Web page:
"Little Oświęcim" - German camp for children in Łódź

Little Oświęcim

On December 11, 1942, a preventive camp for young Poles was established in the Litzmannstadt ghetto (the Łódź ghetto) - Polen-Jugendverwahrlager der Sicherheitspolizei in Litzmannstadt. Children and adolescents aged 2 to 16 were sent to the camp.

The prisoners of the camp were children and grandchildren of members of the resistance movement, orphans, as well as children of Jehovah's Witnesses or people who did not sign the Volkslist, and children arrested for, for example, illegal trafficking, suspected of being active in the resistance movement, or for petty crimes (e.g. fare dodging). Children destined for "Germanization" were also imprisoned in the camp and handed over to German families after their stay. The camp was also known under the names: "Little Oświęcim", Kinder-KL Litzmannstadt, “the camp at Industrial Street”.

** The concept of establishing a camp for Polish children appeared in the summer of 1941, and its originator was the head of the National Youth Office (Landesjugendamt) in Katowice, Alvin Brockmann. The main inspector of German concentration camps, Oswald Pohl, became interested in the project, and on November 28, 1941, he obtained the approval of his superior, the head of the SS, Heinrich Himmler. The positive opinion of Dr. Hans Muthesius, a lawyer, was also used. He stressed "the need to isolate minor Poles and educate them through work so as not to demoralize German children." The camp was based on the German juvenile camp in Moringen in Lower Saxony, which had been operating since 1941, where young people from Czechoslovakia and Poland were also imprisoned.

The camp was established on an area of ​​about five hectares, within Górnicza Street (Robertstraße), Emilii Plater Street (Maxstraße), Bracka Street (Ewaldstraße) and Przemysłowa Street (Gewerbestraße). The camp was commonly called "the camp at Industrial (Przemysłowa) Street ”due to the location of the entrance gate and the main camp alley. The camp area was surrounded by a 3-meter wooden fence with barbed wire. Residential buildings which had previously been used by Jews imprisoned in the ghetto were adapted to the needs of the camp. There were apartment blocks, workshops, camp infrastructure buildings (kitchens, laundries, canteens, hospital), as well as guardhouses, the headquarters, a shelter for the crew and an assembly square.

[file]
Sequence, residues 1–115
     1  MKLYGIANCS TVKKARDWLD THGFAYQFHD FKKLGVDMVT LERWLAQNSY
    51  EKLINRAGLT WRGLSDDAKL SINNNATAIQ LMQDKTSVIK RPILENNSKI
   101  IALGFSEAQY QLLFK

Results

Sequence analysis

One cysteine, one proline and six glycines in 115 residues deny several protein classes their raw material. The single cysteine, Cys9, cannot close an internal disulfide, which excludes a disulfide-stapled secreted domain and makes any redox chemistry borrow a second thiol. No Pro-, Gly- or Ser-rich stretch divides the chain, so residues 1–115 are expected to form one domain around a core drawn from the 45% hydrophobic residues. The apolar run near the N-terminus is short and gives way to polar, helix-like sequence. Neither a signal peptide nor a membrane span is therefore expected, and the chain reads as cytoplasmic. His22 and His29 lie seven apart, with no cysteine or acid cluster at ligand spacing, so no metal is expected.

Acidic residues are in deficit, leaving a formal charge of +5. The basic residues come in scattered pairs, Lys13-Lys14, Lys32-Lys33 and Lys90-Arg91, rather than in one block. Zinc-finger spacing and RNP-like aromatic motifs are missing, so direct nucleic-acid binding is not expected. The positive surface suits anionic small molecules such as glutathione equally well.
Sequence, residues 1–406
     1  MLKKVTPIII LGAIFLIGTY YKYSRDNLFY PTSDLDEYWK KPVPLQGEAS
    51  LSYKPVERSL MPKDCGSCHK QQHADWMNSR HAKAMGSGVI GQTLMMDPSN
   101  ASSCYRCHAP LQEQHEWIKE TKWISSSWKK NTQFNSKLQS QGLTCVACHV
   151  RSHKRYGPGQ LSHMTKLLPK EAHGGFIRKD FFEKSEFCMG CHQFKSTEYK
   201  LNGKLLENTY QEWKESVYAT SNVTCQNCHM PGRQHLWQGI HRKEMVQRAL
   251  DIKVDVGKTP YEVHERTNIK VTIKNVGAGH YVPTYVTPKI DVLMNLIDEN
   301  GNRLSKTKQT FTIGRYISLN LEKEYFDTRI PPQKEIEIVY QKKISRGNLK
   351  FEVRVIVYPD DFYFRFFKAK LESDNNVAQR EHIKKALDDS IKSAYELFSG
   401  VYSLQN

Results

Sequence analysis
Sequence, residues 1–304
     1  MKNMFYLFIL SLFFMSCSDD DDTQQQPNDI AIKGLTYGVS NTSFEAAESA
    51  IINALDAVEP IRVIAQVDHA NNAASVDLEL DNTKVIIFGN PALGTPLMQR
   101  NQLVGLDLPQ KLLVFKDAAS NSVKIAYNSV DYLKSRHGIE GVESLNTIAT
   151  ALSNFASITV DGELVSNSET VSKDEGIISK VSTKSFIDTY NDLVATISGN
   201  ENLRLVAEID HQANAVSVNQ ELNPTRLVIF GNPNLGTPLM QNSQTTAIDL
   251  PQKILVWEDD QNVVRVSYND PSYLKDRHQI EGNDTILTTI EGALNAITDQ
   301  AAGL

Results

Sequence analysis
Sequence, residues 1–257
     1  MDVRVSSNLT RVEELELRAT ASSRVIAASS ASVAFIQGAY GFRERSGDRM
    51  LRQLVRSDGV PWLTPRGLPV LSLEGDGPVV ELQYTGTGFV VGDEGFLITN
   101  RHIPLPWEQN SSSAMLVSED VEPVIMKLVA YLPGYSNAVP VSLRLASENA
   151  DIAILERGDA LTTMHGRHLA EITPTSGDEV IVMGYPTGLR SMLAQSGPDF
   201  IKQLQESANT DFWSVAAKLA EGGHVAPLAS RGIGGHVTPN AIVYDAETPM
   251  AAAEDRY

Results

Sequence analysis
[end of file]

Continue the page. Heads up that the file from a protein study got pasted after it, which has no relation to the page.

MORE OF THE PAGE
The camp was divided into sub-camps for girls and boys. Children aged 8-16 worked in the camp factory. The children worked from 8 a.m. to 6 p.m. with an hour break for a meal (12 a.m. to 1 p.m.) in the sewing room, weaving wicker objects and straightening needles. From the spring of 1943, the stronger children were sent to work in the fields and on farms. Children aged 2-8 were subjected to "Germanization". German upbringing was instilled in them and the German language was taught.

Terror prevailed in the facility, corporal punishment (flogging) was applied, children were imprisoned, mistreated and mentally abused for the slightest breach of camp regulations. In addition, there were terrible living conditions in the camp, overcrowding, lack of sanitary facilities, hunger and insufficiently heated buildings, which contributed to the development of diseases. One of them was typhus, the epidemic of which broke out in early 1944.

The facility also played an "educational" role. Children were sent there for a term of imprisonment (for example, three or six months) and then released home. Parents could also meet children in prison. Some of the children from the "camp at Industrial Street" were sent to the camps and branches of Auschwitz, Lublin, Stutthof, Gross Rosen... As a result of the approaching front, the Germans left the camp in January 1945, taking and destroying almost the entire camp documentation. A few hundred children, weakened by hunger, frost and diseases, remained in the deserted camp until January 19, 1945.

It is estimated that from 1942 to January 1945 about 3,500 Polish children were imprisoned in the camp, of whom about 200 died. The camp did not have the formal status of a concentration camp, but we know from the accounts of witnesses and people who survived this hell that the facility was not that different from concentration camps or forced labor camps for adults.

[**] - source: "IPN Bulletin 6/2018"

„Mały Oświęcim” - Niemiecki obóz dla dzieci w Łodzi
„Mały Oświęcim” - Niemiecki obóz dla dzieci w Łodzi
„Mały Oświęcim” - Niemiecki obóz dla dzieci w Łodzi

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